Today’s Illustration: THIS Is The Life Boat!

Panamax-Bulk-CarrierPanamax Bulk Carrier

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Person:  Dan Stone

  • Graduate of NY MAritime College
  • Ed. S in educational administration (Education Specialist ), University Northern Colorado
  • Currency Trader
  • Writer for Quora
  • Teacher at Denver public schools

“I sailed deep sea as a tanker mate after graduating from NY Maritime College for a number of years on a variety of ships between 600 and 1000 feet long, up to 100,000 tons dwt. They appeared gargantuan as one standing on the pier looking up to the main deck that sat fifty plus feet above the water.

At Panamax width (105’-09” or thereabouts) they were like floating cities, acres of steel deck. Some of these ships were so long that in heavy seas, you could stand just forward of the superstructure (the house) on the main deck and watch the bow flex so much that it dipped below your visible horizon.”


One dark and stormy winter night in the Gulf of Alaska, leaving Valdez with a load of ANSCO (Alaskan North Slope Crude Oil), I was on the midnight to 0400 watch. “Normal” 25–30 footers were pouring green seas over the bow, spray obliterating the forward range light causing this 100,000 ton beast to shudder every so often.

The Captain came up to see how things were and we chatted a bit. One of the things that came up was how useful the lifeboats would actually be in seas like this.

After a minute of silence, what he uttered next made my blood run cold and I’ve never forgotten it since.

Gesturing with his hands the area surrounding us, he quietly said,

“Mate…this IS the lifeboat.”

This is why sailors have a deep respect for the sea.

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Key Illustrative Thoughts:

  • Dangers
  • Storms
  • Dark and stormy nights
  • No lifeboats
  • Safety
  • The Ark
  • Lifeboats
  • No other help available
  • You are in the lifeboat
  • One Way
  • Life’s shudders
  • Lifeboats in a sea / storm like this

. . . . . . . . . . 

Key Words or Phrases:

  • shudder every so often
  • how useful the lifeboats would actually be
  • I’ve never forgotten (these words)
  • This IS the lifeboat

P.S. There are different ways to use these “illustrations.”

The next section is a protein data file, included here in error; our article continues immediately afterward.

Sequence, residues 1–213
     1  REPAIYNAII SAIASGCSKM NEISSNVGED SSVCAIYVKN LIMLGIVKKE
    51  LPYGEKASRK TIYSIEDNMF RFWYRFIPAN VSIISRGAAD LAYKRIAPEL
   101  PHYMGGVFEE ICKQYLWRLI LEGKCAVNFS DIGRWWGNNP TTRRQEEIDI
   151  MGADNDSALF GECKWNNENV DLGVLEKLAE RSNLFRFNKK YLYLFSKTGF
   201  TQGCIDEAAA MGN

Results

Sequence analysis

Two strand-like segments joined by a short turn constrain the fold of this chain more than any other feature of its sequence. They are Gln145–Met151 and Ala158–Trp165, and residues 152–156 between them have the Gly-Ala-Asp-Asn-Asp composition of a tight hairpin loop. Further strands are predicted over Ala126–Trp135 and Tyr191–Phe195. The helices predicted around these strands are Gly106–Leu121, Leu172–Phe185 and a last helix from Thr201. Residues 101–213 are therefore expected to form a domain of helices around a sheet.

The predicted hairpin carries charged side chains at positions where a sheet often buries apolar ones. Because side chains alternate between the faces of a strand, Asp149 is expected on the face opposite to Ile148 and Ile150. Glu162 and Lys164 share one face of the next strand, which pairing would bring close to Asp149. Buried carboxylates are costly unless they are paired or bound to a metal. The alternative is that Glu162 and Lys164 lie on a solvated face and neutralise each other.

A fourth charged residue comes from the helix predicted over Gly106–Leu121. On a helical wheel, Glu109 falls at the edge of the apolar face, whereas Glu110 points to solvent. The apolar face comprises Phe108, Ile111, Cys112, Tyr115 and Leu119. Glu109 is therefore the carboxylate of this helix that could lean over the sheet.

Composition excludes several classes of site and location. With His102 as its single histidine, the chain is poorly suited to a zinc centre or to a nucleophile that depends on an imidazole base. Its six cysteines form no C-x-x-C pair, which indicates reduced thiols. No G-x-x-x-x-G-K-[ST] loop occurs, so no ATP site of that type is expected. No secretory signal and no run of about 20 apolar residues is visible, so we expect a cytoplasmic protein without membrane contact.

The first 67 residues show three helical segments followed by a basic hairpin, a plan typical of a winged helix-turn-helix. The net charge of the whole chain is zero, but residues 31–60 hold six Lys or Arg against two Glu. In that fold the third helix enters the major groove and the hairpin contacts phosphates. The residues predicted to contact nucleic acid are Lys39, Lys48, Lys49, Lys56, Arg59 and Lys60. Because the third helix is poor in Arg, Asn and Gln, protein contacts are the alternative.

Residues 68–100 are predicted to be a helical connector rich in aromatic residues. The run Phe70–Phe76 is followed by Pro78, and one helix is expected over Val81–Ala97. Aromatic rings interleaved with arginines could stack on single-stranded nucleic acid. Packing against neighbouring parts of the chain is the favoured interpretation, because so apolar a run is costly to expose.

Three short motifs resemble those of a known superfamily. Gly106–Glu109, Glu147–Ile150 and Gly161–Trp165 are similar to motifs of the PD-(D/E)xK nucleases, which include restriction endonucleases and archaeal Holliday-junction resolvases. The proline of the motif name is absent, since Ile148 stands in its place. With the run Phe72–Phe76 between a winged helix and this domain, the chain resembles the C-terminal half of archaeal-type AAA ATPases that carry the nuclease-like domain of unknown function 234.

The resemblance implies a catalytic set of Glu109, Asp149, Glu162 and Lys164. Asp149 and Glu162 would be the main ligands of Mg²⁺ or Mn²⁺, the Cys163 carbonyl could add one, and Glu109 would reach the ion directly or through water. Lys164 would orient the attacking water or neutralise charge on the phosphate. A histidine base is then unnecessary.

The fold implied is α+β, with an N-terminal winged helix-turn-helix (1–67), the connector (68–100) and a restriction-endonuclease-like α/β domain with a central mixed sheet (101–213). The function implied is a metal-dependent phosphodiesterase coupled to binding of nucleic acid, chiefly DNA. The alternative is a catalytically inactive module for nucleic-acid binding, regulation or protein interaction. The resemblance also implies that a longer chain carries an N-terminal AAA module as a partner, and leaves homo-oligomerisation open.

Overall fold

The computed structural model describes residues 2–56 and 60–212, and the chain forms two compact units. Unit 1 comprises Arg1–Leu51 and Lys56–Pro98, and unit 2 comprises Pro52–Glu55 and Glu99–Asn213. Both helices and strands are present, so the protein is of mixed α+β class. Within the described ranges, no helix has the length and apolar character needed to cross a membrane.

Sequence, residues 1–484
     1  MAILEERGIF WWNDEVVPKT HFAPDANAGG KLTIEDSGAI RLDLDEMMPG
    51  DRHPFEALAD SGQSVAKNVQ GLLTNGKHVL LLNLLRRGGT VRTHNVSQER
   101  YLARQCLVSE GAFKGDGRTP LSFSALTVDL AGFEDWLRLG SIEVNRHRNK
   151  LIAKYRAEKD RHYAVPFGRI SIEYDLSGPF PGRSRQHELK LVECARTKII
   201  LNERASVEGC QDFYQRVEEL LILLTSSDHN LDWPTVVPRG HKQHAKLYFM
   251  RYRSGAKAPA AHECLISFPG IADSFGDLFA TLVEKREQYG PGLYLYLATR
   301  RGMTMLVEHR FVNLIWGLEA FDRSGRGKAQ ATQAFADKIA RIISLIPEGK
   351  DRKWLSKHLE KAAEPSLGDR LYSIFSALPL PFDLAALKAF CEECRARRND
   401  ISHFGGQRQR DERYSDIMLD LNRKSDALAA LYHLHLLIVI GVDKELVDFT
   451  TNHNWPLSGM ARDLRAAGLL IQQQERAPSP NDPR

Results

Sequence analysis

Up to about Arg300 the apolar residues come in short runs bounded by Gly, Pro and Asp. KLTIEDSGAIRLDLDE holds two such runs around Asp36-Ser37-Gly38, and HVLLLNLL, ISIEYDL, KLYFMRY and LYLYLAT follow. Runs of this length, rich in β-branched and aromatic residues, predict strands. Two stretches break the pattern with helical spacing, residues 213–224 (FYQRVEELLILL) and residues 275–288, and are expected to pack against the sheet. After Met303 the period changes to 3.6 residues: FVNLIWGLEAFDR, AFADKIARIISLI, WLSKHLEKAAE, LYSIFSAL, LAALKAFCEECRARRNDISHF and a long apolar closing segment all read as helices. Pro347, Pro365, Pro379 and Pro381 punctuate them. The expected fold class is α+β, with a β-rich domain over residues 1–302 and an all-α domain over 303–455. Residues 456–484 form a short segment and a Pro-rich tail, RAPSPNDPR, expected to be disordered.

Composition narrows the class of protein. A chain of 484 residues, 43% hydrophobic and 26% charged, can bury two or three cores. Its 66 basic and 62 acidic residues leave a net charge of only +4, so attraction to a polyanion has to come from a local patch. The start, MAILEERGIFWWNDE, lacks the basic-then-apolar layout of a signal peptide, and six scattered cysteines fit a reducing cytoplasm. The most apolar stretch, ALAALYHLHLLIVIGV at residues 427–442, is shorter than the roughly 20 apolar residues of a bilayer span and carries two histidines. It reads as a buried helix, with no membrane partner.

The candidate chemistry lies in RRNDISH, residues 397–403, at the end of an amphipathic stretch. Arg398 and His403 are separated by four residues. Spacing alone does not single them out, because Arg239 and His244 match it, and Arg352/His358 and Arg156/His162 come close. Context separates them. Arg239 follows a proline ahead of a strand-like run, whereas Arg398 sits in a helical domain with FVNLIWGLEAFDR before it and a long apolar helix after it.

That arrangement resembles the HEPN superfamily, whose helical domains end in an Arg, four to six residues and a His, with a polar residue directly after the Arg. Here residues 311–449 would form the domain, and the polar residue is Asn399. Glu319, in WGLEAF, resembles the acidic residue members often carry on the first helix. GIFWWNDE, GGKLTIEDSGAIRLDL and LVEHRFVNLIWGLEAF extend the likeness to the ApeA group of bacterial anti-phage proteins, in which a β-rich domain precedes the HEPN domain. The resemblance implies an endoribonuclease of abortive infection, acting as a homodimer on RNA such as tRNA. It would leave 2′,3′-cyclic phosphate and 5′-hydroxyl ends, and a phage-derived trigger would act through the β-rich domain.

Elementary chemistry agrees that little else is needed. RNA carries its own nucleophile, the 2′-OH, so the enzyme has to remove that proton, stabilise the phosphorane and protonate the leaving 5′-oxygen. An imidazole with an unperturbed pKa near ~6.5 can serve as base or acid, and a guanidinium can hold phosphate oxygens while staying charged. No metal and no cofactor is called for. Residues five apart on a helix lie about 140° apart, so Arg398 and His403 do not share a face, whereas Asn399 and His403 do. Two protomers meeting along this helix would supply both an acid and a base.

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Additional Information & Links:

1. Tankers & bulk carriers

“I’ve worked both as a deck mate. There are several factors to keep in mind. On a bulk carrier, life takes on a slower pace. Voyages are generally longer so you find a nice cadence with respect to living the sailor’s life. Many participate in some kind of self improvement regime such as reading, writing, singing opera…I learned Tai Chi and worked out on the way to Africa.

Standing watch is slower paced. Less vessel traffic. Lots of chart corrections though!

Working a coastwise tanker is all business. Arrivals, departures, pilot waters, cargo ops…but more overtime, better daily rates and if you thrive under pressure, this is the job for you.

I sailed mostly on tankers. My father (RIP) never did – spent his whole sea career aboard bulk and break bulk vessels. We use to compare stories. I loved to hear his stories of tramp steaming all over the world, each voyage an adventure. I spoke of the Houston Ship channel, the grey water and multiple terminal flares…it was like steaming through hades. Carteret, NJ oil docks, Chelsea creek, South Boston…yep, been there. Done that. His trips on the bulk carriers were by far more interesting than my stories.”

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“My longest stretch was a little over 5 months (but I usually spent about 7–8 months/year at sea). My father (RIP) who was one of the youngest Masters in the American Merchant Marine was a motivated individual. He spent a year at sea, paid off long enough to upgrade his license and went right back out until he received his Master’s unlimited tonnage at the ripe old age of about 28…and then shipped out as Captain aboard an old C-2 out of NY.”

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A different kind of sailor here. My “sailing” was on large seagoing vessels of the bulk cargo kind (sometimes solid, sometimes liquid…and flammable). I’ve stood every watch but my favorite was mid to four (midnight to four in the morning and noon to four in the afternoon).

There’s something about a cloudless and moonless night. Starlight so bright that it actually casts a faint shadow when walking out on a bridge wing to breath in fragrant Caribbean air. Or an overcast night where it’s so dark that you can’t see your hand in front of your face and fantom lights appear on the horizon. You are the only person awake, with the best seat in the house; watching meteor showers, shooting stars, satellites orbiting past and even (with younger eyes) the ability to see four of Jupiter’s moons with just a set of mediocre binoculars.